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Mississippi led the nation in peanut yields in 2011, with an average 4,200 pounds per acre. Production is centered mostly in the Delta counties to the west and in the eastern counties along the Tombigbee River. “Sandy soils and water, an ideal combination for peanuts, make these areas attractive for us,” says Brian Atkins, manager of the Prairie, Miss., buying point for Birdsong Peanuts, a world leader the peanut industry.
A PEANUTS MOUNTAIN: Brian Atkins checks on 2011-crop peanuts at Birdsong Peanuts, Prairie, Miss. The company’s $13 million facility expects to handle 24,000 to 30,000 tons of peanuts this year.
On a portion of the east Mississippi prairie land that was the site during World War II of a sprawling munitions production complex where 6,000 to 10,000 women packed shells for the U.S. military effort, a giant peanut buying/grading/shipping facility is racing to complete a $3 million expansion of its $10 million plant that expects to handle 24,000 to 30,000 tons of the state’s largest peanut crop since 1943.
The USDA is estimating a 233 percent increase in Mississippi peanut plantings this year, for a total of about 50,000 acres.
This on the heels of the severe drought last year in the major Texas production areas that sent prices skyrocketing to as much as $1,000 per ton at harvest and created widespread producer interest in locations suited to growing the crop.
Mississippi led the nation in peanut yields in 2011, with an average 4,200 pounds per acre. Production is centered mostly in the Delta counties to the west and in the eastern counties along the Tombigbee River.
“Sandy soils and water, an ideal combination for peanuts, make these areas attractive for us,” says Brian Atkins, manager of the Prairie, Miss., buying point for Birdsong Peanuts, a world leader the peanut industry.
The family-owned company, with corporate headquarters at Suffolk, Va., started in the peanut business in 1914 and now has about 35 percent of the U.S. market, with buying points from Virginia to Texas.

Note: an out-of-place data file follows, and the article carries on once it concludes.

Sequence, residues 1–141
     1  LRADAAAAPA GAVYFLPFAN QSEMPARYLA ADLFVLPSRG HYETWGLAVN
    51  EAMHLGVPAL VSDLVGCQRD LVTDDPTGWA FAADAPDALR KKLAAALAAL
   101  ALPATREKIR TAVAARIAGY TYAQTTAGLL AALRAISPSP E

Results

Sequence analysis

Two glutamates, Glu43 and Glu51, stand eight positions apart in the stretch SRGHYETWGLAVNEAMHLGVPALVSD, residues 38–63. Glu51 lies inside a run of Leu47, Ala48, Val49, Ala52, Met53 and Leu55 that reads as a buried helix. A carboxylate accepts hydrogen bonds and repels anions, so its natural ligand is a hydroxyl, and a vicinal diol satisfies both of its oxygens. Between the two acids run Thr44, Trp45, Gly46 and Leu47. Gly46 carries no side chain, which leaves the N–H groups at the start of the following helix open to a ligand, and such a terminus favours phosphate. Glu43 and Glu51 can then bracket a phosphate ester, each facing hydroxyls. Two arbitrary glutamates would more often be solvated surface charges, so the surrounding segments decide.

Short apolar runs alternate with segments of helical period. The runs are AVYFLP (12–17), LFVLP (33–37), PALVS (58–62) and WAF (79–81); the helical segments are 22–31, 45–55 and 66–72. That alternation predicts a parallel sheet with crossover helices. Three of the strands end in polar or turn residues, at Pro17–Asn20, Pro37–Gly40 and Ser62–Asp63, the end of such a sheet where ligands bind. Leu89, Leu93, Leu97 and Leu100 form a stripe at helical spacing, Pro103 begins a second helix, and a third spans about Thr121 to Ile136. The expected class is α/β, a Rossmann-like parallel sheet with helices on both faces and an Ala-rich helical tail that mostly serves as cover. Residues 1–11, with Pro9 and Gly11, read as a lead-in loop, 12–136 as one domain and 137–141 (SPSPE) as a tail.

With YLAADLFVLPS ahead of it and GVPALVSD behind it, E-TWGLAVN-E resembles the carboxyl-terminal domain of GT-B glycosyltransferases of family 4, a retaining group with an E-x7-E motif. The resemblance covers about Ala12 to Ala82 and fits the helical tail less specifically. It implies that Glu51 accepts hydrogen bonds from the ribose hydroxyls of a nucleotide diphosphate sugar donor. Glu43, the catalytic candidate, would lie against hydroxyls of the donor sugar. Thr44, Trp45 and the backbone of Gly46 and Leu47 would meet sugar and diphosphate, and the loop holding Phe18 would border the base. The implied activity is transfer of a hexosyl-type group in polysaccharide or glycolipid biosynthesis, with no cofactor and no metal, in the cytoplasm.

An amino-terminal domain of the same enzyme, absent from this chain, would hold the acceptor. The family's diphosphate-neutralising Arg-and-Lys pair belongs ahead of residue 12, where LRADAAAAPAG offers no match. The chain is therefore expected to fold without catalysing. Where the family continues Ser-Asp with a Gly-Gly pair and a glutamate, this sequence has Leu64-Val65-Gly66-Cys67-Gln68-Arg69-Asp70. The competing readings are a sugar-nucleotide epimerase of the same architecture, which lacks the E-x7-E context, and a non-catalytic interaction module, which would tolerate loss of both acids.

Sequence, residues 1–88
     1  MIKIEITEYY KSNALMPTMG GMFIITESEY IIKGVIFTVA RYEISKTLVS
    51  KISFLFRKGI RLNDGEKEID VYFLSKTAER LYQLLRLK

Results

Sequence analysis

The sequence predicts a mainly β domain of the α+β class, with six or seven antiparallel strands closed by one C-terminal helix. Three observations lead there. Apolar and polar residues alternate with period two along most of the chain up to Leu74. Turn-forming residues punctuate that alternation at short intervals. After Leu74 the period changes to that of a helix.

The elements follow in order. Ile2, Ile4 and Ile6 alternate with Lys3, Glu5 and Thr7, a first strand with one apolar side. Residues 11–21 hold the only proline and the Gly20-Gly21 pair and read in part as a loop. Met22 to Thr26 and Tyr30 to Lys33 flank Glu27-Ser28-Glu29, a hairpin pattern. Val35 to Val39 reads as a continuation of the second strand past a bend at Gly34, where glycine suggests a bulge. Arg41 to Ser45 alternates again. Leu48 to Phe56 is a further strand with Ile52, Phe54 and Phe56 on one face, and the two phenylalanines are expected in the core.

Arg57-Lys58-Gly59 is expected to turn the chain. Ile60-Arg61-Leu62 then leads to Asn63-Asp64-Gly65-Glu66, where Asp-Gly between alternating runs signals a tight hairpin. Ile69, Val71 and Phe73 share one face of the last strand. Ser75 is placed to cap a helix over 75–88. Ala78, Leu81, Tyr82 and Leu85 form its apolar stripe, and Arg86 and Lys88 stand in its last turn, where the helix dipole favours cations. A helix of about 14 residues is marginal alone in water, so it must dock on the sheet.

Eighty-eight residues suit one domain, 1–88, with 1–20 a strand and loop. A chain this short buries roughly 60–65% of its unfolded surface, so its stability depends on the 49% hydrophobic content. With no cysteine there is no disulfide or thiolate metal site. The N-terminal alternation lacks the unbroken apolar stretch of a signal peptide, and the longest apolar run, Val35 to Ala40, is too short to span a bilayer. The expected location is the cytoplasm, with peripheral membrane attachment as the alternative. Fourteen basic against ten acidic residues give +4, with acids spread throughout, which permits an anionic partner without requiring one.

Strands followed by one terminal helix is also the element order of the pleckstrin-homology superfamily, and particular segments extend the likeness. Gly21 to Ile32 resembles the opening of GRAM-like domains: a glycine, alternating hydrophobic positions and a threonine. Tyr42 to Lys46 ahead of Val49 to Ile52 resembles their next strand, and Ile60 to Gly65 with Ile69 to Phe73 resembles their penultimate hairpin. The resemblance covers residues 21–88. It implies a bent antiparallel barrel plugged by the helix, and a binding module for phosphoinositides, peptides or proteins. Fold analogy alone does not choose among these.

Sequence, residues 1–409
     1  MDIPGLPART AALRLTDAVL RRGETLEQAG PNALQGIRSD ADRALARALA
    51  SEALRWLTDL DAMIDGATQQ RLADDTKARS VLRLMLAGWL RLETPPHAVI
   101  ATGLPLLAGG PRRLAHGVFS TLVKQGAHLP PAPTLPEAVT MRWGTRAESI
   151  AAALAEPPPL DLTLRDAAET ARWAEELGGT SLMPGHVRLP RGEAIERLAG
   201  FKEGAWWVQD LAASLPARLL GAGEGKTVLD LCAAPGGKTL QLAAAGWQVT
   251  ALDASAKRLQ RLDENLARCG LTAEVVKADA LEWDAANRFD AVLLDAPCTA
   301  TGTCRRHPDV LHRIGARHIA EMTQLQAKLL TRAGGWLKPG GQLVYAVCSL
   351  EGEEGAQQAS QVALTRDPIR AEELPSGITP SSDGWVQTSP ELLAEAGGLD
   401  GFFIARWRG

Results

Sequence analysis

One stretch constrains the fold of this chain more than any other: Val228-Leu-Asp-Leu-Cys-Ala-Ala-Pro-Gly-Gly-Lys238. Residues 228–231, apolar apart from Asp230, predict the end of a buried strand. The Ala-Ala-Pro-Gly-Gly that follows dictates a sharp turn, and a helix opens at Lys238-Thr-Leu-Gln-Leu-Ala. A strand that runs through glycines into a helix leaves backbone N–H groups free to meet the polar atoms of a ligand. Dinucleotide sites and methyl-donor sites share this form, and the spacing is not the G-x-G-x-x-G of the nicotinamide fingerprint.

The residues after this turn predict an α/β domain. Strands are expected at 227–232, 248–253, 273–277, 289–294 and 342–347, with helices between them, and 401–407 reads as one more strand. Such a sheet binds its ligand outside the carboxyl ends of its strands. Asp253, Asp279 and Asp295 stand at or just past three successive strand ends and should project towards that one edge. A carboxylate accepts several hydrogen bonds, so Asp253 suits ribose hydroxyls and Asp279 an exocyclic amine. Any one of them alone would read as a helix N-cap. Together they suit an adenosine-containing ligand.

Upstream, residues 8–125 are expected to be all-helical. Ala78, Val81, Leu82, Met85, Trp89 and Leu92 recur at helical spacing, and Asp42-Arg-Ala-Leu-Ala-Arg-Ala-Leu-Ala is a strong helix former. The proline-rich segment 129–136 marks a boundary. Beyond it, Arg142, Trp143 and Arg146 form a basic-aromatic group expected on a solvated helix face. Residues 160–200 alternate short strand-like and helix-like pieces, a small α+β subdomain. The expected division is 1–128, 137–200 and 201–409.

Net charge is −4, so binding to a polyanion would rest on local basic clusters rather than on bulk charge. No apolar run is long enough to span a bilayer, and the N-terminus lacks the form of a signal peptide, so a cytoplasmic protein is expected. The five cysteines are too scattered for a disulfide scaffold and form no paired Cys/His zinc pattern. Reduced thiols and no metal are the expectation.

Birdsong has 80 buying points and seven shelling plants in the U.S. One of its major customers is Smucker’s, which uses 1 million pounds of peanuts a day and makes Jif, the most popular brand of peanut butter. The peanut butter in Butterfinger candy bars is 100 percent from Birdsong peanuts, Atkins says.
The company is also nearing completion of a new state of the art mega-buying point at Walnut Ridge, Ark., that will be the same size as the Prairie facility. About 25 growers have planted about 9,000 acres for Birdsong in that area, and about 45 Mississippi growers have planted 15,000 to 22,000 acres for the company.
“We’ve got growers from Tylertown to Tunica on the west side of the state and from Tishomingo County to Forrest County on the east side,” says Atkins. “Our territory for this buying point also includes parts of Louisiana, and north Alabama.”
The company is currently evaluating locations for a buying point in the Mississippi Delta, he says, possibly in the Coahoma/Tunica County area.
“A lot of growers have booked peanuts this year in the $750 per ton range,” Atkins says. “At present, no contracts are being offered as growers and buyers wait to see how the season will go.
“Some peanuts were planted as early as April 5 in the Tunica area, and the crops are looking good everywhere. If we can get some timely rains and no weather setbacks at harvest, it should be another good year.